After all, AT&T and Verizon won’t begin rolling out their C-band 5G service on January 5. The carriers have agreed to comply with a request from the Federal Aviation Administration and the Department of Transportation to push delayed their 5G expansion by two weeks. Authorities asked the companies for more time to investigate concerns about possible interference with aircraft systems and avionics.
Both AT&T and Verizon were supposed to roll out their potentially faster C-band service using the new frequencies purchased in December, but they keep on the expansion required by the Federal Aviation Administration. Airlines and aircraft manufacturers worry that the new frequency is too close to that used by the plane’s radar altimeter, which provides data on the distance between the plane and the ground. Subsequent interventions may result in an unsafe landing. Giants in the wireless industry argumentativehowever, the power of the C-band service is low enough and the frequency gap is large enough to prevent interference.
Right before the debut on January 5, agencies request service providers delayed another two weeks to look into the matter. At first they rejected the administration called for an additional delay, release a joint letter stating that honoring the request would cause “damage” to the customer. Instead, the carriers tried to negotiate a compromise and told authorities they could suspend deployments for six months near some airports.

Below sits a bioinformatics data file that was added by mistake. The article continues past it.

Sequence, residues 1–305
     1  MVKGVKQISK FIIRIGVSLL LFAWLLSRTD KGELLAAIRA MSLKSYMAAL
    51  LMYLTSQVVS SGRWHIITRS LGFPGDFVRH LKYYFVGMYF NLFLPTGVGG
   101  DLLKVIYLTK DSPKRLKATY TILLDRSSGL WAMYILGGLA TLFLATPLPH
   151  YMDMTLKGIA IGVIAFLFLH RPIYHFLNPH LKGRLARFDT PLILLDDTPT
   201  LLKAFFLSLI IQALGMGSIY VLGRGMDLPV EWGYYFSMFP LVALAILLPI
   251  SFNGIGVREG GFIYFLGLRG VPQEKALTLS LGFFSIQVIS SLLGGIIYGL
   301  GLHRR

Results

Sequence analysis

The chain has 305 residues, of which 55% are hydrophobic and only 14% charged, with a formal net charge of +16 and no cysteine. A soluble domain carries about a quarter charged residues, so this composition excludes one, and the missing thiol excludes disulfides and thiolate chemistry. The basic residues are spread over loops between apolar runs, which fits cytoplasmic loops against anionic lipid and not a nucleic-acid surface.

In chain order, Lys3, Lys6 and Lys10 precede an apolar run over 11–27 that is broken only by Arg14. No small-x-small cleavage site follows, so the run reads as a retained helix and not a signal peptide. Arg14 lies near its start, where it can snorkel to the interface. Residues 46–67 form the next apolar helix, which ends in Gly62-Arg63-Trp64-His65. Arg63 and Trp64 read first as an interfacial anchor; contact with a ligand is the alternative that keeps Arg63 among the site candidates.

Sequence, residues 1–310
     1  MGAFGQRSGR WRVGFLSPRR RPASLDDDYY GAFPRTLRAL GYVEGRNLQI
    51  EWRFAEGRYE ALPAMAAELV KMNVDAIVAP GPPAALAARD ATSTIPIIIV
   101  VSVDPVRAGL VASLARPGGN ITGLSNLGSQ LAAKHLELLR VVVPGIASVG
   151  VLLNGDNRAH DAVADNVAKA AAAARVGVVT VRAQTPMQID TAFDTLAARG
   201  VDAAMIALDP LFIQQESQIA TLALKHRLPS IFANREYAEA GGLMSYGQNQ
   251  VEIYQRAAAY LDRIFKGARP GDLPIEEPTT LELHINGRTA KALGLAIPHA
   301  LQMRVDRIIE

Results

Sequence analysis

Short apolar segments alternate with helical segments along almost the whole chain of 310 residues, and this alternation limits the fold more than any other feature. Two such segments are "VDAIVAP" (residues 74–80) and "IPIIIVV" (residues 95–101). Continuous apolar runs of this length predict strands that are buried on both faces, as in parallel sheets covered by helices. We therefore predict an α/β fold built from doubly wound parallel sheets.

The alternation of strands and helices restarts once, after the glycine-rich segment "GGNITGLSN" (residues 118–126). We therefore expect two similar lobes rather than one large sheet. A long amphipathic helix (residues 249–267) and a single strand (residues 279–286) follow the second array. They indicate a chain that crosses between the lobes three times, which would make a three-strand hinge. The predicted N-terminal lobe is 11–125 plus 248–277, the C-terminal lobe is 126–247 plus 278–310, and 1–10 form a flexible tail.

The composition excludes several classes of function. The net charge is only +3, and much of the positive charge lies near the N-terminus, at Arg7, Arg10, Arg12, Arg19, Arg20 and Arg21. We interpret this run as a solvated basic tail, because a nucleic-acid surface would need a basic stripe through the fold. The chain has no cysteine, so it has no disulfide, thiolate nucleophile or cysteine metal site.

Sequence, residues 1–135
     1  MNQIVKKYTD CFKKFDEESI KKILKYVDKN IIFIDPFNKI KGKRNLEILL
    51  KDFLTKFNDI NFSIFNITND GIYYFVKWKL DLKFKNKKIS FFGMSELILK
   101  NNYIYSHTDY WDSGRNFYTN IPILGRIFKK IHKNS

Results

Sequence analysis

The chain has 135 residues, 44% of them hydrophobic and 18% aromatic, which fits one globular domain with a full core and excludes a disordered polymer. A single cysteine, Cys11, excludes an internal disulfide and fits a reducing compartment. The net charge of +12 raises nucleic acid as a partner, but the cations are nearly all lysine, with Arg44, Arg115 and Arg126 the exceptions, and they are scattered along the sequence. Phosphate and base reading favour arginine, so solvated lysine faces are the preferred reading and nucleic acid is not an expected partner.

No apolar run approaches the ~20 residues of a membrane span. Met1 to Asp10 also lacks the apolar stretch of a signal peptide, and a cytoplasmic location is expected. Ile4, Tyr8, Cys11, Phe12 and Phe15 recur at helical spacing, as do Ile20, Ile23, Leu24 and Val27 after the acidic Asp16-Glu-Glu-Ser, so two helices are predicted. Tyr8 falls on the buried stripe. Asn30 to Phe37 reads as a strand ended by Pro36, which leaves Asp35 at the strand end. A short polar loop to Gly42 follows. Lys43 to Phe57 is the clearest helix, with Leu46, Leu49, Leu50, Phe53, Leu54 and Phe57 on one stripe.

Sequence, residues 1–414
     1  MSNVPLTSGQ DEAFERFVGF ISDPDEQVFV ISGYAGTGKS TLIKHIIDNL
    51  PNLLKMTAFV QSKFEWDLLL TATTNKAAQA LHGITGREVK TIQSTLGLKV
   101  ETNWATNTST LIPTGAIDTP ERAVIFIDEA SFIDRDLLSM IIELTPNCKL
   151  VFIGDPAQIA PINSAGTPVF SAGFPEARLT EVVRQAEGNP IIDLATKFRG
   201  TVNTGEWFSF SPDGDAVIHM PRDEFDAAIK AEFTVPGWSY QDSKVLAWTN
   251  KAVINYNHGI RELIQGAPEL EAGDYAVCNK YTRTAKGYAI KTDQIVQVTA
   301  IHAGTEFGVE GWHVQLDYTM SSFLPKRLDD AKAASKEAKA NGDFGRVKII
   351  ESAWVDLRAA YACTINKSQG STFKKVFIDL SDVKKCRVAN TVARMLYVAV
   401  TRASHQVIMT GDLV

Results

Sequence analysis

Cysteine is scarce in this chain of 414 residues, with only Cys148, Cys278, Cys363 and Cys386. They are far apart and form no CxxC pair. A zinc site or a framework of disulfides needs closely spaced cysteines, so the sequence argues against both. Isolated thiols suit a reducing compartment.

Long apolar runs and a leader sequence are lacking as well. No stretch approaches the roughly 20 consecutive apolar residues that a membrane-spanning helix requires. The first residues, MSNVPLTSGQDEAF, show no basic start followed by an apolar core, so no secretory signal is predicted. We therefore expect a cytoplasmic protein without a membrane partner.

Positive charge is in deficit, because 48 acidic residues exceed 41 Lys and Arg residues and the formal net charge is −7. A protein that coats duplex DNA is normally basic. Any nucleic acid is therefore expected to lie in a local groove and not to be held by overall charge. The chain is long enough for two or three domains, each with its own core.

It’s not clear what changed the companies’ minds, but both have agreed to put their plans on hold for the time being.
A Verizon spokesperson told Engadget in a statement:
“We’ve agreed to a two-week delay, which promises certainty that will give the country our game-changing 5G in January, delivered over the best and most reliable wireless America’s most reliable.”
An AT&T spokesperson sent us a similar response:
“At the request of Minister Buttigieg, we have voluntarily agreed to a further two-week delay in the rollout of our C-Band 5G service. We are also committed to taking measures to reduce protected areas. protection for the six months we outlined in our letter.We know aviation safety and 5G can coexist and we are confident that further technical review and cooperation will resolve any issues. subject.”
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